By Charlene Shields
Notes from the White County Historical Society as they appear in "The Carmi Times."
Copyright ©2001 by "The Carmi Times" Permission to reprint granted to Cindy Birk Conley and the ILGenWeb by Tammy Knox, editor, "The Carmi Times."
Some early explorers described fine meals prepared by Indian squaws.
Others have said Indian food was terrible. So one hardly knows what to
I had a Hon ancestor living in Kentucky in the 1780s who was captured
the Indians, along with some of her family. The husband was able to pay
ransom and get back most of his family. However, it was said his wife
had learned to cook "Indian style," and the Indians were reluctant to
give her up. The husband was old and almost bankrupted himself before he
was able to pay the Indians enough to get his wife back.
Some reference books say there were more than a dozen Indian tribes
roamed the Illinois territory before the white man arrived. Wild rice
grew thick along the many navigable waterways, and great herds of
buffalo grazed the open prairie.
The Indian women planted and carefully cultivated corn as their primary
food. They had about three dozen recipes for preparing corn. They dried
vegetables and fruits in the sun and stored them for the long winter
days ahead. They salted and smoked venison strips. Fish, generally
caught with a spear, and wild fowl and nuts finished out the menu.
The Indians had no written language, so their recipes were not written
down. They imitated their animal friends: followed the buffalo to the
salt licks, washed their vegetables like the raccoons, imitated the
beaver by placing greens in cool waters to make them crisp, and, like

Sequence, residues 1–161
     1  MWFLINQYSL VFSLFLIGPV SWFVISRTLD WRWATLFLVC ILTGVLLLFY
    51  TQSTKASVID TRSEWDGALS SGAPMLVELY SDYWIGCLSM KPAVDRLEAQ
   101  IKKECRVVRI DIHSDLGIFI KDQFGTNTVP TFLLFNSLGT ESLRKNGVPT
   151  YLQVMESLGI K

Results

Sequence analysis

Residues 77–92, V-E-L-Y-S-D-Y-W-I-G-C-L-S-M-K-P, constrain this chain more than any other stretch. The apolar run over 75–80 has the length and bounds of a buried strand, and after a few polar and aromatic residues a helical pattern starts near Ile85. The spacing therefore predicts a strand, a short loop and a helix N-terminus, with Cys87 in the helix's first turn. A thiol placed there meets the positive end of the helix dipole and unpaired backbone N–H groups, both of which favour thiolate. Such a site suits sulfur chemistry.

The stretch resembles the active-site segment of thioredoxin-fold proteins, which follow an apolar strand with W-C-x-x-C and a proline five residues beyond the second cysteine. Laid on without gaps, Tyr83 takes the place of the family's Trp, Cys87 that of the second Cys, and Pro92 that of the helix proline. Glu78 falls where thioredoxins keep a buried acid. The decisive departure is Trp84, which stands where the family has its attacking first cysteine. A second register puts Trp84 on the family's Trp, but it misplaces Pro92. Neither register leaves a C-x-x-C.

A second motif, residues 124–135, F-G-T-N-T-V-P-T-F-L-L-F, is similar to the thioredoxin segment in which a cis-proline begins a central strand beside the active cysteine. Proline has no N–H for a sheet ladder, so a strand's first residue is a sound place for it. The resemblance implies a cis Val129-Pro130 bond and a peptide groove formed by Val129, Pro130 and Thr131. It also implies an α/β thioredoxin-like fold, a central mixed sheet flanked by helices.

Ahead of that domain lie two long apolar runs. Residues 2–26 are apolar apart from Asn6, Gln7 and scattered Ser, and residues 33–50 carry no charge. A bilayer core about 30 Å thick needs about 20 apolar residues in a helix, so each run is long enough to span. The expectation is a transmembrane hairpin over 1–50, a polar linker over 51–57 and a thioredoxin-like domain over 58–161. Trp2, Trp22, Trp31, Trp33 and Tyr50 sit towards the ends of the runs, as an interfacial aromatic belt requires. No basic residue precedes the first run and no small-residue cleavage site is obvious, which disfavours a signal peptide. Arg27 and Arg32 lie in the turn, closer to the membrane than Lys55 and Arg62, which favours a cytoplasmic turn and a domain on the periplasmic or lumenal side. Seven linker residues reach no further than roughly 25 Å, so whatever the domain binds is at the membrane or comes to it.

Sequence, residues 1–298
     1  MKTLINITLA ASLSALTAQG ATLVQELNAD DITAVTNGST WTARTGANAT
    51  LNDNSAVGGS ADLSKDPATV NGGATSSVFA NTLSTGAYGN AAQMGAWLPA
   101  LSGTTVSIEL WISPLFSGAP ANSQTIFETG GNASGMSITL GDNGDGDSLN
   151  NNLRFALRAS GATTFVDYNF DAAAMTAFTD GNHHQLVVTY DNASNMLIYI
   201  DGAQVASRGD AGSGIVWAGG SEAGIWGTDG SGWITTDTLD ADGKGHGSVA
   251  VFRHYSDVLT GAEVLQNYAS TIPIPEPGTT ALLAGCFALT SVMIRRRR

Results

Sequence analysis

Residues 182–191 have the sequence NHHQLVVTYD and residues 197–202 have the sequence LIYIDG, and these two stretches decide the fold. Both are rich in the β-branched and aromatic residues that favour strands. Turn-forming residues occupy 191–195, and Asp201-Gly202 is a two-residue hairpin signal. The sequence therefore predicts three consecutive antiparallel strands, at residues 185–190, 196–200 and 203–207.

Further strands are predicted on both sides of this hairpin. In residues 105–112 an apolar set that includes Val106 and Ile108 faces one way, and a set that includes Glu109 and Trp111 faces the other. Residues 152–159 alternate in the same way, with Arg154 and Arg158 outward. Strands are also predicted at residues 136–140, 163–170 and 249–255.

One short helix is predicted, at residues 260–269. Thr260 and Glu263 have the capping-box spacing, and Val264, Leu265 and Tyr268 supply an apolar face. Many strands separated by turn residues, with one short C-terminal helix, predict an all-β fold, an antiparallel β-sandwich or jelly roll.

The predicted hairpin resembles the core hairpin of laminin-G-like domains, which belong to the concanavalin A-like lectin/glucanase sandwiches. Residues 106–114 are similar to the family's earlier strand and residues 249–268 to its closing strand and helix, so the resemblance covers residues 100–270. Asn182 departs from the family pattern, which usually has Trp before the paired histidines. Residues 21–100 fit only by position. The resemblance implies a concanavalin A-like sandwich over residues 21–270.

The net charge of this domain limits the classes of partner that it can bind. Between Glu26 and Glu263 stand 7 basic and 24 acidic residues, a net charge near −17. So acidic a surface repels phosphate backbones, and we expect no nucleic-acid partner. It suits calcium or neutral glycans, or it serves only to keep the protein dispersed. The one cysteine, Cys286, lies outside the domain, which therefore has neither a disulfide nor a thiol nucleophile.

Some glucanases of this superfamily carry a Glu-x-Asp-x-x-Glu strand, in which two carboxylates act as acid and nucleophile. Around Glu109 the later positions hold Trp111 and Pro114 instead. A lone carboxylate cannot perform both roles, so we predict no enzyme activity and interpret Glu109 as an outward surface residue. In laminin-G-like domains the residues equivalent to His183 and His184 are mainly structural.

the squirrel, stashed away nuts for the long winter.
Early settlers believed that tomatoes, the "love fruit," were poison.
This idea was passed on from generation to generation. However, the
Indians did eat tomatoes, raw and cooked. So many Illinois settlers
learned to enjoy the tomato, while other parts of the nation shunned
INDIAN PUDDING: Scald four measures of milk and add one quarter measure
of corn meal. Cook until thickened. Add two-thirds measure of molasses
with fat or butter the size of a small egg, salt and spices. Pour into
baking tin and add one measure of milk. Do not stir the last milk. Place
baking tin in a pan of hot water and bake for a few hours, or cover and
cook over boiling water most of the day. (No fast food in their
BOILED EELS: Four small eels, sufficient water to cover them; a large
bunch of parsley. Put them on a stew pan with the parsley and simmer
until tender. (Have you eaten eel? I thought it was a bit like eating
Both of these recipes refer to stew pans. I'm sure the early settlers
and Indians didn't have such an item as a stew pan. So this term must
have come into usage much later when settlers finally got around to
writing down instructions for cooking.
Maybe 2001 will be the year in which you locate that elusive ancestor
you've been searching for the past decade!
Address letters to Genealogy, White County Historical Society, PO Box
121, Carmi, IL 62821.
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